Monday, January 23, 2012

The inner power of rituals

Why do rituals survive for centuries (or even millennia)? One reason could be that they are just rules without meaning (as suggested by Frits Staal) and that their formality is what preserves them notwithstanding the unavoidable changes in the mentality which initially "invented" (in its literal meaning) them.
A further postilla might be that they are rules without a fixed meaning. They do have a meaning, but this varies with time and according to the one who performs it (or, one might add, attends it).
From a study of Marion Rastelli, published in 2005 in Words and Deeds:
In their study on the Jaina pūjā, Caroline Humphrey and James Laidlaw have shown that ritual acts have no meaning that is intrinsic to them (Humphrey and Laidlay 1994: esp. 5, 35, 41). There is no immediate correlation between the external appearance of a ritual and the meaning that is attributed to it. From the observation of a ritual action one cannot infer the meaning being ascribed to it.

This remark could end many discussions on the interpretation of Vedic rituals (was the Soma-offering initially meant to propitiate rain? Is it a fertility rite? and so on). However, one might suggest that this view only regards rituals as they are observed and that it is indeed possible to speculate about their original meaning in history.
A further consequence of Humphrey and Laidlaw's point is as follows:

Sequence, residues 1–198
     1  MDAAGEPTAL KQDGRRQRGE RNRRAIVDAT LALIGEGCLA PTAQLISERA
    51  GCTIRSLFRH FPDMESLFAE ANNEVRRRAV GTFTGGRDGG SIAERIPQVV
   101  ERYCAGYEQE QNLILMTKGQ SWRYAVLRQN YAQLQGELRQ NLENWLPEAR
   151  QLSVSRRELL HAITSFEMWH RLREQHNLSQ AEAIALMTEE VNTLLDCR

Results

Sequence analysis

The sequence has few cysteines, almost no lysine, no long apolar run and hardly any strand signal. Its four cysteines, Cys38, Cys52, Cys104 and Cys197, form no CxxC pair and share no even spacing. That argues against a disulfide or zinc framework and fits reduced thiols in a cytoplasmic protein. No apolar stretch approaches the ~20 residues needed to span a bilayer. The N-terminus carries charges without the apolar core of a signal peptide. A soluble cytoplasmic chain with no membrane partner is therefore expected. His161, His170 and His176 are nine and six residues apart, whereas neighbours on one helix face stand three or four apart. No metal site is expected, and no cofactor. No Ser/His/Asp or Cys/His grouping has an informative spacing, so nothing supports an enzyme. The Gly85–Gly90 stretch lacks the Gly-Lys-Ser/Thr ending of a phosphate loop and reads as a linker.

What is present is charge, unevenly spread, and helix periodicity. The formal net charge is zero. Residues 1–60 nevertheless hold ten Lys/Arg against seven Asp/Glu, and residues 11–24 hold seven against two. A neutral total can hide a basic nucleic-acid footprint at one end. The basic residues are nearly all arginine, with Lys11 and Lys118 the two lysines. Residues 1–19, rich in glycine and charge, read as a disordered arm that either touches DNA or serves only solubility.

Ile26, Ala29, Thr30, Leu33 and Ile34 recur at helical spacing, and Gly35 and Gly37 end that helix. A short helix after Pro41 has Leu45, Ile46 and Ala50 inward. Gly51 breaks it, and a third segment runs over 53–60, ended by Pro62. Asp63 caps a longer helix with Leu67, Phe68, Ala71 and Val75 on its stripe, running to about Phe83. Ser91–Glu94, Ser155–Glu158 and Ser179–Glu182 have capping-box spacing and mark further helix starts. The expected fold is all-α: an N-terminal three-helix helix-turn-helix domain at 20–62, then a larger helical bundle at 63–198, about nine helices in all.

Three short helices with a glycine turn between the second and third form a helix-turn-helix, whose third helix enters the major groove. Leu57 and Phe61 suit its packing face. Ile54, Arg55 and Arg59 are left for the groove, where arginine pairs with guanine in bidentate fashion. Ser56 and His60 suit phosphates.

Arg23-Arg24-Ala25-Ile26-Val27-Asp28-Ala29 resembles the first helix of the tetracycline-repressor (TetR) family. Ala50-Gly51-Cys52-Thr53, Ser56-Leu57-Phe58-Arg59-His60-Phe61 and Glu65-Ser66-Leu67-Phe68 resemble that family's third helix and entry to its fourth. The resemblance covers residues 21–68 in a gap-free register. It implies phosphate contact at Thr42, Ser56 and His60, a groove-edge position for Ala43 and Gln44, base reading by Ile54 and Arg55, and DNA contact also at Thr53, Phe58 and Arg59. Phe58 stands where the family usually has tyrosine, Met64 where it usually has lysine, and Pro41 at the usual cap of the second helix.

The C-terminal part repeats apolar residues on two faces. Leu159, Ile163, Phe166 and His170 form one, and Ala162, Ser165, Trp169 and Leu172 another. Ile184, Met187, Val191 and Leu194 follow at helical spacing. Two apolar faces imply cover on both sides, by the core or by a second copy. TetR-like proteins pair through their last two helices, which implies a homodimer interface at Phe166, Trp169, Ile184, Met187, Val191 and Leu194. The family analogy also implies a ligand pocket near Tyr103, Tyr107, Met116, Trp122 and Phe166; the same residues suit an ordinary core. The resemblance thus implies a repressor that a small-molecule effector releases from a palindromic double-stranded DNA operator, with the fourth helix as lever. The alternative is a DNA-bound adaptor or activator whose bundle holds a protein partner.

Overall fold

If the meanings attributed to a ritual and the intentions being pursued are independent from the outer form of a ritual, the meanings and the performer's intentions can change without transforming the ritual itself.
(Rastelli 2005, p. 115)
In other words, a worshipper of a personal God may perform the same ritual a monist is performing, although attributing to it a very different meaning. One might object, again, that phenomenologically there might be huge differences in the intentions of the performers, but that these differences can be understood historically and that it is not the case that any ritual means everything, but rather that every ritual has an history and, hence, a historical stratification of meanings, partly alternative to each other.

What do you think? And how close are Staal's and Humphrey and Laidlaw's theses?


Jayarava said...

Dear Elisa,

I'm very doubtful about these outsider western interpretations of ritual. Frits Staal especially seems to take a very narrow approach - a purely semantic approach - that produces a meaningless theory which reduces ritual to nothing. It's an intellectual dead end which is not productive of any further insights. Such a theory simply can not account for the enormous value placed on rituals, nor their persistence (often unchanged) for millennia!

We have to assume that rituals mean something to someone, even when that meaning is not apparent to us, and even after detailed study has not enlightened us! Staal is a very clever chap, but kind of dumb at the same time.

If you want a really good approach to this subject then I recommend a book (badly) named The End of Magic by Ariel Glucklich (Oxford University Press, 1997). He takes apart the various Western approaches to magic and shows how they fail to account for the phenomena associated with magical practices - particularly contemporary magic healing by Tantric practitioners in Varanasi. As he says in his introduction:

"Magic is based on a unique type of consciousness: the awareness of the interrelatedness of al things in the world by means of simple but refined sense perception."

In his view: